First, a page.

Got a question for you. As a human being or as a leader or a parent or a friend? Are you a finished product or are you a work in progress? Now, I’ve asked that question thousands and thousands of times for many, many years. So far, I’ve never had anybody raise their hand and say, oh, I’m a finished product. I would love to see that sometime. The point is then, well, where do you do your progressing? You’re a work in progress. Great. Where do you do your progressing? Where do you do your learning? Where do you practice being more of who you are? And it occurred to me years ago that most of us are missing a fabulous opportunity to learn and develop into who we are, where we’re actually going to school. Or I like to say, going to the dojo. If you practice a martial art, you practice at the dojo. If you’re a dancer, you go to the studio, but when you go to the studio or the dojo, you’re going to practice to begin to master more and more of what it means to be in that particular practice, like martial art or dancing or singing, whatever it is. It occurred to me that when we go to work every day, we’re at work eight, ten, 12 hours a day.
If you could think of this as going to the dojo, what a fabulous thing that is. What if every day you’re going to work and your faculty is waiting, your sparring partners, your teacher, your sensei’s, all the things that you need in order to get better are waiting for you. Your curriculum is there, and that’s all the stuff you have to deal with every day. And these people that you have to work with are your teachers, your sparring partners, or your dancing partners, or whoever you need to have around you in order to grow and develop? Now in America, we have this thing called mojo. In the sports world, a sports team might say that when they come out on the pitch or out on the court or out on the field, if they have their heads hanging down. You say they’ve lost their mojo. It’s like their spirit, their liveliness, their reason for being out there. Or if they come out. The announcer says it looks like they got their mojo back. So mojo is think of it as your reason for getting up in the morning is your mojo. So I would just like to coin this phrase, what if you could find your mojo at the dojo? Which means what if you could become more of who you are every day when you go to work? Turn your workplace into a classroom, into a studio, into a dojo where you are practicing every single time a problem comes.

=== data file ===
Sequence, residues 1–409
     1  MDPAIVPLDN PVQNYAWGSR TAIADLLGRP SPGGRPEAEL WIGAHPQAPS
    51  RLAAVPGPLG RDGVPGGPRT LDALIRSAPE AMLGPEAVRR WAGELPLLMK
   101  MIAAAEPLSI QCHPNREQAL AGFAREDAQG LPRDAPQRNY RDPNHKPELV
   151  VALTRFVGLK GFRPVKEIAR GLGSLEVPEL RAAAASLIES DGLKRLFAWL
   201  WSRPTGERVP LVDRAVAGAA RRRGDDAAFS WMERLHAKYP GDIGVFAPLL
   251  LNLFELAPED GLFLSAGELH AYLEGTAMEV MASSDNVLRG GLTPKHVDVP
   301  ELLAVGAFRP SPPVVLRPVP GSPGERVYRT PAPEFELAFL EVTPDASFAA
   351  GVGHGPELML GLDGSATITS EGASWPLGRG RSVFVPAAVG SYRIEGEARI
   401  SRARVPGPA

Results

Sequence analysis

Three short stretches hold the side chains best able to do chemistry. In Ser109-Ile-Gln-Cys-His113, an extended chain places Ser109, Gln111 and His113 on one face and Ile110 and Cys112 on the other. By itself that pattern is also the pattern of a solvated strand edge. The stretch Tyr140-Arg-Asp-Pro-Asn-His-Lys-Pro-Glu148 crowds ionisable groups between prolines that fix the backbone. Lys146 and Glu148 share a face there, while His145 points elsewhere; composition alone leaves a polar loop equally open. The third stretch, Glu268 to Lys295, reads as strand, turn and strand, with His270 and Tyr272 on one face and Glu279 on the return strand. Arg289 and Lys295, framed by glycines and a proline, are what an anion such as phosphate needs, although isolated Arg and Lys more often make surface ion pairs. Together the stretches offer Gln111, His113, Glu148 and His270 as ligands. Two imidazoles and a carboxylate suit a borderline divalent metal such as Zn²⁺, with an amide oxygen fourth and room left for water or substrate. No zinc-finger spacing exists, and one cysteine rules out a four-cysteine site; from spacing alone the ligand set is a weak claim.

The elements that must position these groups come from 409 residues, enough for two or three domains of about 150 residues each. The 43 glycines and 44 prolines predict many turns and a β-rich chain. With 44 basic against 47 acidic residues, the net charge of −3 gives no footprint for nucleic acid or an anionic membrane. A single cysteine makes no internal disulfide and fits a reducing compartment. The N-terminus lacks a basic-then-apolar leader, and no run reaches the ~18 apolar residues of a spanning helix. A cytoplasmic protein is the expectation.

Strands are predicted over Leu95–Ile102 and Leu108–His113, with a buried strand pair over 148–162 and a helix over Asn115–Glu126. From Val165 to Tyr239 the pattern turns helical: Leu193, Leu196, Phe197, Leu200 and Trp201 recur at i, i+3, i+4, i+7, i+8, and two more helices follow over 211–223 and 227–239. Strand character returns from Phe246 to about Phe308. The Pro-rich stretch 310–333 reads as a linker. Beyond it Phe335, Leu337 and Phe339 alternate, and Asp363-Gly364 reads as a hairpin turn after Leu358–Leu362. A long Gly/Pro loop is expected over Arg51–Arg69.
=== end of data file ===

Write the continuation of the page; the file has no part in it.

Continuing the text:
You’re not upset. You’re saying, oh, this is a great opportunity. This is what aikido in the practice of aikido. When someone attacks you, they’re your partner. They’re your colleague. Because in the attack, it’s forcing you or causing you to grow into the fullness to bring more of who you are, to bring the best that you have into this encounter. So that when this encounter is over, you’re both better at your practice, that you’ve become more. You’ve stretched and grown in that process. So I’d like to leave you with that phrase. What if you could think about finding your mojo at the dojo tomorrow, when you get up and you go to work, what is it that you need to practice to become more fully who you are? You can actually do it every day. Every day. And these wiser work videos are designed to help you step back and reflect on what’s happening at work so that you can actually find your mojo at the dojo.
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